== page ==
A great many farmers have started to take a hard look at reducing the amount of tillage used during the annual crop production cycle. The recent increases in diesel fuel prices along with the always increasing cost of farm machinery, tillage equipment and labor, have prompted renewed interest in farming practices that fall under the broad category of “conservation-tillage.”

The term “conservation-tillage” was initially thought of as tillage practices that conserve soil by reducing the potential for wind and water erosion. The practice, however, also greatly reduces fuel and labor costs. In recent years, farmers and their landlords have come to realize that a great many more farming resources can be conserved through a properly designed conservation-tillage program. The importance of conserving soil moisture and reducing fuel and labor costs has been a key to economic survival for farmers.

Some farmers have replaced tillage trips across their fields by using an environmentally friendly chemical fallow program.

Now that diesel fuel has experienced as much as a two-fold increase per gallon in the past 36 months, it has made a chemical fallow even more feasible than before.

Growers will have an excellent opportunity to learn more about a variety of approaches to the conservation-tillage issue during the Fifth Annual National Conservation Tillage Cotton and Rice Conference that will be conducted in Tunica, Miss., on Jan. 24-25, 2002. This two-day conference, to be held at the Grand Casino Convention Center, Tunica, will feature productive interaction between farmers and researchers on topics related to efficient, cost controlling crop production.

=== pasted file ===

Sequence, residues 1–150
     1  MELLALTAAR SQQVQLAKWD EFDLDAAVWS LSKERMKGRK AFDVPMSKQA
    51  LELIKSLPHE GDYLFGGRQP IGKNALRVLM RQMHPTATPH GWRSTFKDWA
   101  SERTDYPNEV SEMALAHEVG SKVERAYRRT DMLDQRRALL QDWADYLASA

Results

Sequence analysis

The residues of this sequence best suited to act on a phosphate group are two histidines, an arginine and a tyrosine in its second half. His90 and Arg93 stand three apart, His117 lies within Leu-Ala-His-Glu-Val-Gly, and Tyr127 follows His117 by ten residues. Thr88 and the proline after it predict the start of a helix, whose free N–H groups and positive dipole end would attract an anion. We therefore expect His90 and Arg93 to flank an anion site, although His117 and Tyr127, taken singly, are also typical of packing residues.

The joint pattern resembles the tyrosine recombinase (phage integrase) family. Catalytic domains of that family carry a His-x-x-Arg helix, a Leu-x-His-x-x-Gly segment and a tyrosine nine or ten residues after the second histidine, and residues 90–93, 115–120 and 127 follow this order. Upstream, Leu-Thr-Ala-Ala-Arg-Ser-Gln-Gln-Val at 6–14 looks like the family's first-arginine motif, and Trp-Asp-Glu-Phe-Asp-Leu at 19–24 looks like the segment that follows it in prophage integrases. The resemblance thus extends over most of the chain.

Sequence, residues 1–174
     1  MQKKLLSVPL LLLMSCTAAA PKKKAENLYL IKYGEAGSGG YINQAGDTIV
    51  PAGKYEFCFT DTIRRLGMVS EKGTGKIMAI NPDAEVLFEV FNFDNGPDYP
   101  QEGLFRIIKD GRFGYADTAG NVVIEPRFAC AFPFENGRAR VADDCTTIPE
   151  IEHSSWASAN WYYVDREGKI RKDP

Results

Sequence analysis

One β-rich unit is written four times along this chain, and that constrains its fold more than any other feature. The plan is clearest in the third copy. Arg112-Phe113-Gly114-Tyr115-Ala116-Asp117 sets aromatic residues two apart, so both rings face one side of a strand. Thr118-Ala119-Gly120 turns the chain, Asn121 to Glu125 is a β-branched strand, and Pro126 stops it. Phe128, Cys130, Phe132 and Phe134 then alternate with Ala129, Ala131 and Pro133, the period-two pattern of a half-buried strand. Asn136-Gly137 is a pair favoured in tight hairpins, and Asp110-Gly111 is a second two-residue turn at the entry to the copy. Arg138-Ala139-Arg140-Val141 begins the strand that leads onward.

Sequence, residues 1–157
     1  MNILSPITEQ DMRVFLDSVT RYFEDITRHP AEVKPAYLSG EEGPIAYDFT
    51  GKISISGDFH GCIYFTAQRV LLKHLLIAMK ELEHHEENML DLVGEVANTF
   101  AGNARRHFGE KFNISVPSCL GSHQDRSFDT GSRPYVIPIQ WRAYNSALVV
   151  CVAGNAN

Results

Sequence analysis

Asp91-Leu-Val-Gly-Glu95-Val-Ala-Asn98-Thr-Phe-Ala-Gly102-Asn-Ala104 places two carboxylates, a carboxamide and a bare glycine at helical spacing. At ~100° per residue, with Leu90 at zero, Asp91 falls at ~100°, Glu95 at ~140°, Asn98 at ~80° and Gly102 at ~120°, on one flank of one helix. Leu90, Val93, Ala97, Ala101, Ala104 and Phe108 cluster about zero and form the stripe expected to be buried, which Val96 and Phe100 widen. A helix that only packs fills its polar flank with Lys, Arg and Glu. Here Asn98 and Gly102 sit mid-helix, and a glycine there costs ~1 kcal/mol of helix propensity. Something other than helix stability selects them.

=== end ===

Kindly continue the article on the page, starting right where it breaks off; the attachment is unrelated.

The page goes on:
This year's conference will feature 32 farmers from five states who have had success in implementing a variety of conservation-tillage practices on their farms where cotton, rice, corn, and soybeans are produced. This conference will have presentations by 39 researchers and Extension Agents representing seven states who have conducted large-scale trials that address a variety of conservation tillage problems.

The conference will offer presentations on 73 program topics. Farmers who attend the conference will have as many as 18 presentations to choose from during each hour. In addition, two keynote general session speakers will entertain while offering their views on the agriculture situation. There will be a number of presentations on precision agriculture, corn and soybean production, soil compaction and irrigation systems designed for use with conservation-tillage.

Farmers from Mississippi, Texas, Alabama, Louisiana, and Tennessee will be able to receive their state pesticide recertification credits, and certified crop consultants will earn CEUs during the two-day conference.

For more general and registration information about the Fifth Annual National Conservation Tillage Cotton and Rice Conference, call Robin Moll at 573-547-7212.